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The Australian fish market will now be more sustainable because of the improved attention to its biodiversity through projects funded by the Marine Stewardship Council’s (MSC) Ocean Stewardship Fund.

MSC has awarded twenty-six grants totaling US$ 934,430 AU$ 1.4 million (EUR 863,076 million / USD 934,430 million) to fishermen, scientists, NGOs, and students from 15 countries. However, more than 12% of this amount was for Australian projects.

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These projects focus on avoiding bycatch, that is, the capture of fish that are not expected to be caught. Among the main protagonists are a project based on the rays, the UK on fishing practices, and another for sawfish.

We are delighted to see multi-sector collaborations applying for funding with fishermen, NGOs, and scientists submitting joint applications. Such partnerships are essential to scale solutions and respond to the urgent challenges facing our ocean,” said Rupert Howes, Chief Executive of the MSC.

These initiatives seek to boost Australian fisheries, highlighting the critical challenge of caring for marine ecosystems to foster their resilience and agility amid environmental change.

“These projects will generate new knowledge and insights that will help fisheries improve the way they fish the oceans by reducing bycatch and fishers’ interactions with vulnerable species and birds,” said Howes.

Annie Jarrett, CEO of the NPF Industry, and Rupert Howes, CEO of the Marine Stewardship Council. Photo by: Matt Watson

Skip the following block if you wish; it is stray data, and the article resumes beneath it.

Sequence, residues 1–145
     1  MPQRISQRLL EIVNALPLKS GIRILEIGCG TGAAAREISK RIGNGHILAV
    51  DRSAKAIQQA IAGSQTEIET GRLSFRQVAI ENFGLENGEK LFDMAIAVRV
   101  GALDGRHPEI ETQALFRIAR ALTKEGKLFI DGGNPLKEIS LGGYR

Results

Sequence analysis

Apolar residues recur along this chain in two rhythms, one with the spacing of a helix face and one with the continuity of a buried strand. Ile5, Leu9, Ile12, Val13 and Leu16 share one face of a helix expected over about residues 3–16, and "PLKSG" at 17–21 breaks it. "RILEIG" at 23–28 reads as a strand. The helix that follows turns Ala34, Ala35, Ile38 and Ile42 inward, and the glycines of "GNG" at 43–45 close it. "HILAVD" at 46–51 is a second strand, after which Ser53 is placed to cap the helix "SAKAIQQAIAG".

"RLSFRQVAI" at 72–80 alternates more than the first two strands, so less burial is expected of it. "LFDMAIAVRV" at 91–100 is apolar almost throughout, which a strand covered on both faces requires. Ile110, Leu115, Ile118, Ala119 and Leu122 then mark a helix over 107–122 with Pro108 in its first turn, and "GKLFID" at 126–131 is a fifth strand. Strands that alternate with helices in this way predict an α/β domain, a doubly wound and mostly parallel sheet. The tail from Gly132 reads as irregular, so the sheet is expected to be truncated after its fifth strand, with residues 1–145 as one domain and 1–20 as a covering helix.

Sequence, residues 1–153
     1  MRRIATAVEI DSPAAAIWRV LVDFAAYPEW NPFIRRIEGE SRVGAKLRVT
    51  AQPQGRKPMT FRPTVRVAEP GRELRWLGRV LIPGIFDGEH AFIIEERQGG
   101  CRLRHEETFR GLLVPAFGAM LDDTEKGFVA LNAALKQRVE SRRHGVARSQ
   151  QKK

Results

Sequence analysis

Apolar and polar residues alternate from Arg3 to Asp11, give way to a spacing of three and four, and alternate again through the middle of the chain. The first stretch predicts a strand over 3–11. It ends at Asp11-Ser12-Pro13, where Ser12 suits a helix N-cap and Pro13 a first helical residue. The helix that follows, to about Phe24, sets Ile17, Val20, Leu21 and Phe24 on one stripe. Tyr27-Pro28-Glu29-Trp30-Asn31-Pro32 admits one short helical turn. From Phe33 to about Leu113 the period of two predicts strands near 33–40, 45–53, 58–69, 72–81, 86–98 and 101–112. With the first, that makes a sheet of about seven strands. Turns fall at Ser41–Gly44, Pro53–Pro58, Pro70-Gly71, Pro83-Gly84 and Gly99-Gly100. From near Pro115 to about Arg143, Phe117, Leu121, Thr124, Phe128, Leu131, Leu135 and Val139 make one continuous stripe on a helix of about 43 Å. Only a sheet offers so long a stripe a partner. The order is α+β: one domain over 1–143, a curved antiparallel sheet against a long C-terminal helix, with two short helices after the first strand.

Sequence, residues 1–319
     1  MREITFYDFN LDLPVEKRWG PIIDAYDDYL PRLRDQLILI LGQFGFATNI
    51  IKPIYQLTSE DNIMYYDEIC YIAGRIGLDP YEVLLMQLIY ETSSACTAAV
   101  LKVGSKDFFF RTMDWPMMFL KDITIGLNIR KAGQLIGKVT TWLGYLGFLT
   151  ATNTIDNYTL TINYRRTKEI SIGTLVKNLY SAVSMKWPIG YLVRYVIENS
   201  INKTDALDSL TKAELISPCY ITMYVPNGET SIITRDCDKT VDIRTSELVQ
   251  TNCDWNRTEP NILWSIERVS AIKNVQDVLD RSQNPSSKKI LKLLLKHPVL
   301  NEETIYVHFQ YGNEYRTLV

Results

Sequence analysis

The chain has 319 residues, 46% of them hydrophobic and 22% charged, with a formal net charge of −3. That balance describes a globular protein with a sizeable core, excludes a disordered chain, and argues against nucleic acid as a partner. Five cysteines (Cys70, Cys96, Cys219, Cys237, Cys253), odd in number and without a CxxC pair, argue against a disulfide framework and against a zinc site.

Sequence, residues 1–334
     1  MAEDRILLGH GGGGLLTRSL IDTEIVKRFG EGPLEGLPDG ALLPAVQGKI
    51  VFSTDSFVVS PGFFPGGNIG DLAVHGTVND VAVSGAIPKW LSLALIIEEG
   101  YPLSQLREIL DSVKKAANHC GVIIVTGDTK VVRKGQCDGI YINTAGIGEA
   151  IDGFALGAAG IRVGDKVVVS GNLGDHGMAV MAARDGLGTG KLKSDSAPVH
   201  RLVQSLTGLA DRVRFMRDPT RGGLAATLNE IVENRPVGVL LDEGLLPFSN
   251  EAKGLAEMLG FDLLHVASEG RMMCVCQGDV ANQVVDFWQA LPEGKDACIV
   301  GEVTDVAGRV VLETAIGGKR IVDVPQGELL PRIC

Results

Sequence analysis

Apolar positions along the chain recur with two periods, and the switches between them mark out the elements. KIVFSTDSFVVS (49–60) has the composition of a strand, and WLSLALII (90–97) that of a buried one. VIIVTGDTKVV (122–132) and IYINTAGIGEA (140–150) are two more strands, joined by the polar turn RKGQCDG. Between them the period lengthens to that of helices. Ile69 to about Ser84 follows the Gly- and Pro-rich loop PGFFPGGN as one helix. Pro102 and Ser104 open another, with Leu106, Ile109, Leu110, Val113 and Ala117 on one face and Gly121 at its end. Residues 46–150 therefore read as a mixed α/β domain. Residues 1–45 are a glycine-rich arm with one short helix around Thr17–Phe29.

Some of the projects in detail

Firstly, the tagging of rays is intended to see how the fishing of rays works. Even though they are commonly thrown back to the sea alive, the impact of this procedure is not known. For that reason, the aim is to count how many survive the catch-and-release process.

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By exchanging knowledge between the UK and Australia, fishery managers and boat captains from the South Australian sardine fishery will meet with the MSC-certified Cornish sardine fishery. The training will facilitate the transfer of practices, monitoring techniques, and acoustic deterrent equipment to reduce bycatch.

Finally, is a project for the sawfish. This fish is vulnerable to entanglement due to its main characteristic and is an endangered species. The MSC-funded study will seek to advance understanding of how sawfish bycatch occurs by analyzing data from the last decade. The study expects to develop guidelines or equipment that will prevent it from occurring.

About Marine Stewardship Council (MSC)

The Marine Stewardship Council is a renowned international non-profit organization dedicated to ending overfishing and replenishing fish populations. Their mission is to protect marine ecosystems and promote responsible fishing practices.

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